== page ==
SALINA — Congress in 2016 approved laws that will “significantly” increase research, vaccine development, and treatment strategies to help stamp out tick-borne diseases like Lyme disease.
U.S. Senate Minority Leader Charles Schumer (D–N.Y.), during a Syracuse–area stop on July 7, urged the U.S. Department of Health and Human Services (HHS) to “fully implement” the new laws.
The measures Schumer is referring to are part of the “21st Century Cures Act.”
“The good news is the federal government passed a law in December that would provide a good deal of money to fight Lyme disease, the find a cure, to find better treatment, to educate people so they don’t get it. The bad news is … [HHS] isn’t implementing that law,” said Schumer.
The senator discussed the topic at Onondaga Lake Park “ahead of what is projected to be one of the worst summers for tick-borne diseases in years in Central New York,” his office said.
Schumer made this push as the Atlanta, Georgia–based Centers for Disease Control and Prevention (CDC) and other tick-borne disease experts predict that this summer could be “one of the worst when it comes to the population of ticks.”
Any delay in federal action will allow newly emerging disease like Powassan, which is “even deadlier” than Lyme disease, to impact “already vulnerable” areas like Syracuse, Oswego and the rest of Central New York, Schumer noted.
In his remarks, Schumer then posed the question ... Why are they waiting?
“No good reason. Just bureaucracy. Maybe they don’t want to spend the money. Maybe they don’t understand … the new secretary of health and human services, Dr. Price … how serious this illness is, but he’s a doctor. He should understand,” said Schumer.
Local data, Schumer story
The Democrat pointed to the nearly 1,000 reported Lyme disease cases over the past 15 years in Central New York, more that 80 percent of which occurred since 2008, as a clear indication that the region is in “dire need” of federal assistance and guidance.
Schumer cites data from the New York State Department of Health that reported Lyme disease cases in the seven-year period from 2008-2015 have increased more than 500 percent when compared to the previous seven years.
The figures “underscore” that Lyme disease has become a “significant threat” for Central New York as more residents are being diagnosed every year, Schumer’s office said.
“It used to be that in Central New York, we didn’t worry about Lyme disease, we didn’t have much of it here. But the ticks and their illnesses, through deer, have spread northward and now the problem is serious in Central New York,” said Schumer.
Schumer recounted a time when he contracted Lyme disease. He was walking in the Hudson Valley “about 10 years ago” and was wearing long pants.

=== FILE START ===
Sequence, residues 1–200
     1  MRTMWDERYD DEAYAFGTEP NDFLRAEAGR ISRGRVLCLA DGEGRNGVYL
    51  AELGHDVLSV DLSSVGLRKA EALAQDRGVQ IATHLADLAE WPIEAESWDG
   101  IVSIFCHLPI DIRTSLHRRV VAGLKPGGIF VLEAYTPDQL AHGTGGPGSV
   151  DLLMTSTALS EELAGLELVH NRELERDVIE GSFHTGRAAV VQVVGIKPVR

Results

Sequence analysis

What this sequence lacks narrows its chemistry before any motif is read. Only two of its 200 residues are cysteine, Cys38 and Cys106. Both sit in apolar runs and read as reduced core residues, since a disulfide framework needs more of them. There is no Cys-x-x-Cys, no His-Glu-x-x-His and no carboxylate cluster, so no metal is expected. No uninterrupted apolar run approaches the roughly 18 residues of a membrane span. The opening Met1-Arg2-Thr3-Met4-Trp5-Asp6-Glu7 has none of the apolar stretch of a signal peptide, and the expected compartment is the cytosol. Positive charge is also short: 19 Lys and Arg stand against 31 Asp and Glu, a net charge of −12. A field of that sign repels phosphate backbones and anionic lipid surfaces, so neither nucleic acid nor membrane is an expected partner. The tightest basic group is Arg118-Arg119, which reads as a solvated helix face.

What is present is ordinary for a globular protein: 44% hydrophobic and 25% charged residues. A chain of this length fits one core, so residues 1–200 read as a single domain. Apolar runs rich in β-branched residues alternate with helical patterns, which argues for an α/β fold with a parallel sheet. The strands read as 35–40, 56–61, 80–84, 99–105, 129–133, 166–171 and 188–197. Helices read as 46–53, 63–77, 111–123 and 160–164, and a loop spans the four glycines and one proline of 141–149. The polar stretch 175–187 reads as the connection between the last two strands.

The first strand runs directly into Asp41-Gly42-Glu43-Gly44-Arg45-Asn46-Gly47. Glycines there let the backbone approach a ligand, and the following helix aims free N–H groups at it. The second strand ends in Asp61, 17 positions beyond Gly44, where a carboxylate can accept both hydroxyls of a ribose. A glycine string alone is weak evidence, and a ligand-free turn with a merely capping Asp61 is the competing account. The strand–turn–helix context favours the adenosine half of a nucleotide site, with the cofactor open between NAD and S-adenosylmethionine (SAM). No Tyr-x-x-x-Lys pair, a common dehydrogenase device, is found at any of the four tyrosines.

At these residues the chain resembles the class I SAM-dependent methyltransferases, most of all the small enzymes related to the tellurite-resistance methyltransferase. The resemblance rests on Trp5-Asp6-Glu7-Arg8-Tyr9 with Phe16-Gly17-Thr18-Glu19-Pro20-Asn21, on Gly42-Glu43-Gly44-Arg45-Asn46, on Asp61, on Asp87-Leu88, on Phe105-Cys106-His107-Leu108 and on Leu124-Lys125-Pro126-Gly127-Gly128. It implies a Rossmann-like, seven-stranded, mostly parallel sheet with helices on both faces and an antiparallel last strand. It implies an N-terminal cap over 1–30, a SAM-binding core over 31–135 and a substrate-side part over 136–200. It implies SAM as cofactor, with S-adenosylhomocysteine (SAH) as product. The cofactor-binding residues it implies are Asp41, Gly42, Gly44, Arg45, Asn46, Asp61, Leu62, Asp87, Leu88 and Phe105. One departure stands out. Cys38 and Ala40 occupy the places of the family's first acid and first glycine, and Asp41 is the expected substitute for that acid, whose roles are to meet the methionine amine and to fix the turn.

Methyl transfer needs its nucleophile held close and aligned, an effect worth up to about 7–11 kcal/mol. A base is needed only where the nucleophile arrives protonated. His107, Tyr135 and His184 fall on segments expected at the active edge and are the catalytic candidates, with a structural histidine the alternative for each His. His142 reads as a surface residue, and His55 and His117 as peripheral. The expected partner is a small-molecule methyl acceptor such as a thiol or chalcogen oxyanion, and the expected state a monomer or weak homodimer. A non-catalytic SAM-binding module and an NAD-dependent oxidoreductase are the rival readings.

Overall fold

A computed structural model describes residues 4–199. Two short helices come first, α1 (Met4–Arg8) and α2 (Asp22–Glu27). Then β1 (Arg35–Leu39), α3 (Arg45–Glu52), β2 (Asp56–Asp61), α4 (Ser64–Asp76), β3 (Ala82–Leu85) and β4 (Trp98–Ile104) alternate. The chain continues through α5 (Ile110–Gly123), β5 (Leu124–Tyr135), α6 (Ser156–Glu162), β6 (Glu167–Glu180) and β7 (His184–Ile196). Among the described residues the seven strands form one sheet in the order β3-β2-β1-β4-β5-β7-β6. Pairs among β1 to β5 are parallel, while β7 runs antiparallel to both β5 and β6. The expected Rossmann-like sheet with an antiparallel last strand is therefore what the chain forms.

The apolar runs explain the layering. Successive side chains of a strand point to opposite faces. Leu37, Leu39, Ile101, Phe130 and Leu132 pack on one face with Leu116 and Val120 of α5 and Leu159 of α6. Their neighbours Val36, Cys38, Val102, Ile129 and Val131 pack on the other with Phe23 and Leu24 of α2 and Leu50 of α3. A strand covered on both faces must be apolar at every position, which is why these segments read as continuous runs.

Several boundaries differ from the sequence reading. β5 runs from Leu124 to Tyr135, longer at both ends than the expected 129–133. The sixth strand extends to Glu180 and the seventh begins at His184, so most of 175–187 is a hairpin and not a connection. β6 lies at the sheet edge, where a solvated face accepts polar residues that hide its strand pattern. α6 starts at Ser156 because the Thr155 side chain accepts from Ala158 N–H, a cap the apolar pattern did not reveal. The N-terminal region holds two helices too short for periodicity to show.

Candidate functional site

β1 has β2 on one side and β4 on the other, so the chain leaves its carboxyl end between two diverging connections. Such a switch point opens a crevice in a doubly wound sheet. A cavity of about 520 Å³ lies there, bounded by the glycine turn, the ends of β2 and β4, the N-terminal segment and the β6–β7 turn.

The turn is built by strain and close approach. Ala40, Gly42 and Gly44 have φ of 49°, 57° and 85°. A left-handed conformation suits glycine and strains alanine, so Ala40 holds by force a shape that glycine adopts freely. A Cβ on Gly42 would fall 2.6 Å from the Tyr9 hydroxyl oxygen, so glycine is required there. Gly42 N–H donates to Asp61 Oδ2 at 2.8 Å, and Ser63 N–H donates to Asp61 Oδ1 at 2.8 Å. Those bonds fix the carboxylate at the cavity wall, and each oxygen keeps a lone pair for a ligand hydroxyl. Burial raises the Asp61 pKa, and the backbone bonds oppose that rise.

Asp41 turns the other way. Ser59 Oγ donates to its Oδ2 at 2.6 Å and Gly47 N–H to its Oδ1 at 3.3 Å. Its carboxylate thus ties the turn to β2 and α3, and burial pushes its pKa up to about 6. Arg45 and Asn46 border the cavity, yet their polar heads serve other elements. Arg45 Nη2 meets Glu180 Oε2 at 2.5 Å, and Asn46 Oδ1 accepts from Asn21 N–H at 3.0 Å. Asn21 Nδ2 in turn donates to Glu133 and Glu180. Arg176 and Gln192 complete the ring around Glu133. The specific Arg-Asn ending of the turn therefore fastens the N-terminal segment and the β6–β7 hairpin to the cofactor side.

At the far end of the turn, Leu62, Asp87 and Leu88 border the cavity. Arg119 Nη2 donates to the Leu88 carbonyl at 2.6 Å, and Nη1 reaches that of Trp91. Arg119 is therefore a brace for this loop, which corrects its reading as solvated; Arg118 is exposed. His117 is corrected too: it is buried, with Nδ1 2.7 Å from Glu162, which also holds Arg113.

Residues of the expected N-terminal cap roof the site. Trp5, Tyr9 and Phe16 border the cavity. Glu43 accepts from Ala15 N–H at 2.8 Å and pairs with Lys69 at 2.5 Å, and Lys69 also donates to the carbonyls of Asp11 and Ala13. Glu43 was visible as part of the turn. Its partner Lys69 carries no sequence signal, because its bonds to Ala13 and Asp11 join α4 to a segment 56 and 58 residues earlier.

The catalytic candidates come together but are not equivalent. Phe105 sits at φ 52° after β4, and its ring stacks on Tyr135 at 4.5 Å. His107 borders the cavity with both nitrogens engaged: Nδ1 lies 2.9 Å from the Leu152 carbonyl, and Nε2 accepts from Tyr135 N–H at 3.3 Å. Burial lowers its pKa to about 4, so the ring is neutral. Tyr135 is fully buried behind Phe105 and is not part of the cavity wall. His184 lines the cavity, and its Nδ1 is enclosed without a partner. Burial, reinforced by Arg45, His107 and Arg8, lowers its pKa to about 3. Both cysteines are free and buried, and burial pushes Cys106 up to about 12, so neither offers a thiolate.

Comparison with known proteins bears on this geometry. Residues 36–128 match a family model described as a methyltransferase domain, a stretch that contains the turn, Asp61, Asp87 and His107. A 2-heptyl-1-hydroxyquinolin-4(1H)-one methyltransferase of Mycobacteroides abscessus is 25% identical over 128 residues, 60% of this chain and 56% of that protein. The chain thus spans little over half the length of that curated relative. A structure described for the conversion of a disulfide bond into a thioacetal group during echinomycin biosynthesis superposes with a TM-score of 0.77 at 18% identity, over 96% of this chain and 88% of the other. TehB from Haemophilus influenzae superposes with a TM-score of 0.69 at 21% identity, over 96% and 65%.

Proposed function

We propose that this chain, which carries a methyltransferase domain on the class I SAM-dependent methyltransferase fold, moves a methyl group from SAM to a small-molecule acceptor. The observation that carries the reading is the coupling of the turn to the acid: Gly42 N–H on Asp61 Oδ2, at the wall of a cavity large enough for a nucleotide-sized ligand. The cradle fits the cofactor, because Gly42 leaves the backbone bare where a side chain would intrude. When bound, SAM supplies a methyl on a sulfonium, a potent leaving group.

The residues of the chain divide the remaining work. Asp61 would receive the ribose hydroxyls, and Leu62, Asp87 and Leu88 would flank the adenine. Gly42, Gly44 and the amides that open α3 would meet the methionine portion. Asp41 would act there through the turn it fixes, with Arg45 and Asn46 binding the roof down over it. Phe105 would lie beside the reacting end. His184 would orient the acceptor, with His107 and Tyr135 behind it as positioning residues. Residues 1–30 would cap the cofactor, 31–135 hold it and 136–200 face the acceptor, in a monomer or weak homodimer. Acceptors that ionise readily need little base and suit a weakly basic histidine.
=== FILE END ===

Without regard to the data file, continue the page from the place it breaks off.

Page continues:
“When I came back to my house, I saw a little black tick on my leg, on my calf. I knew what to do,” he said.
He took the tick and placed it in a plastic bag. The next morning he noticed a bull’s eye-type rash on his leg and he went to the doctor. The physician determined that Schumer had contracted Lyme disease and prescribed medication.
“I was on a relatively common antibiotic called doxycycline … I took it for 10 days. I was cured … but only because I knew. Most people don’t know,” said Schumer.
About Lyme disease
Lyme disease is caused by a bacterium and is spread to humans through the bite of an infected deer tick, Dr. Indu Gupta, Onondaga County Commissioner of Health, said in her remarks at Onondaga Lake Park.
“Early detection and treatment is the key in addressing Lyme disease,” Gupta added.
Lyme disease begins as a rash at the location of the tick bite. It then spreads to the nervous system and joints.
With early diagnosis, Lyme disease is cured almost 100 percent of the time, Schumer’s office said.
“The good news … Lyme disease is curable in its early stages. The bad news … once you get past the stage where you can cure it, it’s a very, very serious and heartbreaking disease,” Schumer noted in his remarks.
If left untreated, the bacterium Borrelia burgdorferi travels through the bloodstream, manifests itself in body tissues, and causes mild or severe symptoms, depending on the case.
The disease is most prevalent on the Upper East Coast and Midwest, “especially in densely wooded areas with an aptitude for humidity.”
Under the act, HHS must coordinate federal activities related to tick-borne diseases and conduct or support activities related to tick-borne diseases.
The activities include surveillance; research on strategies for the control of ticks; exploring causes, prevention, diagnosis, and treatment of tick-borne diseases; epidemiological research; and determining the gaps in existing research.